A generator that runs on propane can run for a couple of weeks when connected to a large outdoor propane tank. Models such as Generac are available and can be wired come on as soon as your power goes out. Typically these cost anywhere from $6,000 to $15,000 though and may not be an affordable solution for everyone.
You'll need some sources of light to cook and live by if you don't have a generator with a large fuel supply. Keep a good supply of batteries and wind up flashlights as well as many candles. LED flashlights, which can run for hours on small AA or AAA batteries, as well as a good supply of these batteries, are a good solution.
Stay In Touch With Your Neighbors
One of the keys to surviving a societal collapse in an urban area is to form alliances with your neighbors and start a neighborhood watch ahead of time. In the event that something drastic does happen you'll have those contacts already in place. You can use FRS - GMRS radios, which can transmit up to five miles or more, to keep in touch with like minded people in your neighborhood. Tune your FRS (Family Radio Service) walkie talkie to channel 1 in the event of a disaster and establish contact with other neighbors who may have the same kind of radios. FRS channel 1 is the unofficial "go to" channel for prepper use.
Keep a shortwave - AM - FM radio handy to pick up news broadcasts. Battery powered radios that feature the TV and NOAA weather bands are also good choices. Some emergency radios feature a hand crank generator feature, which allows you to charge internal batteries in the event you run out of disposable batteries. Some of these same radios also allow you to use the hand crank feature to charge cell phones.
Disaster Gear For Your Car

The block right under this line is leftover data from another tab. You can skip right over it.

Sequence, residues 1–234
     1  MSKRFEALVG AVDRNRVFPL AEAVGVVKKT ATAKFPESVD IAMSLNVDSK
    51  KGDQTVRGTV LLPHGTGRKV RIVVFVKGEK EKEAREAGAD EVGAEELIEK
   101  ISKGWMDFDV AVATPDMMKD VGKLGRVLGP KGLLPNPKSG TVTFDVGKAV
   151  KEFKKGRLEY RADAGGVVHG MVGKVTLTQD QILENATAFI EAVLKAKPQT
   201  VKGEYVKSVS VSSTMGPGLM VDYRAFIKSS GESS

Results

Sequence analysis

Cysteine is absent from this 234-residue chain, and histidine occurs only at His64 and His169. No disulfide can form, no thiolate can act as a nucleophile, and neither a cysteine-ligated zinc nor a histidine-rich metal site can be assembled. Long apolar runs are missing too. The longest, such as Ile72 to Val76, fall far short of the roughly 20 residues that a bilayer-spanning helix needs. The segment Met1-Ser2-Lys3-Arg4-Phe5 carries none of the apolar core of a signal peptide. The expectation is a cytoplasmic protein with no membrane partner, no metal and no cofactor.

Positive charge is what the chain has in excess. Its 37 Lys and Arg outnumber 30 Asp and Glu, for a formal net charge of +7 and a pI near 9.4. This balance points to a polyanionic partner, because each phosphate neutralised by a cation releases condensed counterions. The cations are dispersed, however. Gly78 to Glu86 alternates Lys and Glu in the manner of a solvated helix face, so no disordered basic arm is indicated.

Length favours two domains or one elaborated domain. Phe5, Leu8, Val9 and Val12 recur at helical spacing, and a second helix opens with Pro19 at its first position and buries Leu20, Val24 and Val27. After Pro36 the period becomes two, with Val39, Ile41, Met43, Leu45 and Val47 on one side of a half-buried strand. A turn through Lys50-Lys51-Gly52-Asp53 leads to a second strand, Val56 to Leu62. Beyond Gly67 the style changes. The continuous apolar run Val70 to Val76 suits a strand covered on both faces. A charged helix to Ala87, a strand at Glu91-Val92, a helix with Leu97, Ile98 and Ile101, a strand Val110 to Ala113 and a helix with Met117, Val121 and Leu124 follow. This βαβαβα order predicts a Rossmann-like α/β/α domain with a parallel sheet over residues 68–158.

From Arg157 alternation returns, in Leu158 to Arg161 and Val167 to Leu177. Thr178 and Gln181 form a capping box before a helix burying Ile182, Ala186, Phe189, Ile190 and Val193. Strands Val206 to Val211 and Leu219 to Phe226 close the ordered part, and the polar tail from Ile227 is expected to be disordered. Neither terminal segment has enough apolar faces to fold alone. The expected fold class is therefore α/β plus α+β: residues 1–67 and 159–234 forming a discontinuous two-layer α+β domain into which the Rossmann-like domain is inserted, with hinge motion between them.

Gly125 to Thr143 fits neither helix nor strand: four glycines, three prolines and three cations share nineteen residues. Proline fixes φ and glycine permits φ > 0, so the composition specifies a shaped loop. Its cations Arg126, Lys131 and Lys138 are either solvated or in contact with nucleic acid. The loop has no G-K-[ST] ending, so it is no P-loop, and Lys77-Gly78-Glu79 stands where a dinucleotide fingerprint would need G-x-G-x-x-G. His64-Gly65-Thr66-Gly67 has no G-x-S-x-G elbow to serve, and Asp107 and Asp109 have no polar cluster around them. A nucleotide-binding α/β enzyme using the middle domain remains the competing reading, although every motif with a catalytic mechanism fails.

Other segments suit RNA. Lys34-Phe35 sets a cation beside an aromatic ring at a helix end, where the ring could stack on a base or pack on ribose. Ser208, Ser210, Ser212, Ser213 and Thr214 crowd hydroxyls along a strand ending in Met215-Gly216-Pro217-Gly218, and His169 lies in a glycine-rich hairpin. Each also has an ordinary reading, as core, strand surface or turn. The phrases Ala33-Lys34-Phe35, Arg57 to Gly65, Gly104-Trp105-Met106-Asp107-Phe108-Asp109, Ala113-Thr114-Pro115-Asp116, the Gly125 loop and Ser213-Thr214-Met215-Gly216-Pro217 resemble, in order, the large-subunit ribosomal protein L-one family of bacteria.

Consider keeping some of the things mentioned above in your car so that you can be prepared for anything, even if you're caught away from home. Keep a backpack in your trunk with enough food to last you and your family for several days, as well as some cash in case the networks are down and credit cards become useless. Always keep your gas tank full at all times. This is not only better for your car, as it prevents water from condensing inside the tank, but keeps you prepared if fuel stations close or run out of fuel. Keep some extra blankets and a small tent in the trunk along with a good spare tire, jumper cables, several gallons of water in a water jug that's rated for potable water. (Ordinary gallon water jugs from the store break down over time with heat, and can release harmful chemicals into the water.) Consider installing a portable, emergency CB radio in your car or truck for emergency communication. Truckers still use these radios, and you may be able to listen in on their conversations to find a better escape route.
A Well Stocked Tool Kit Is A Necessity For Urban Survival
A good tool kit is a major part of essential urban survival gear. A good saw, either a small chainsaw or hand saw, can help you to clear debris away from your home, etc. Check your home's water meter and determine what kind of tools you might need to shut off the supply, then keep that tool in a handy place. You may need to shut off your water to prevent sewage, gas, and other unwanted substances from entering the system in a disaster. Have rags, towels and other things handy that you can stuff down toilet drains to prevent water from back-flooding your home through the sewer system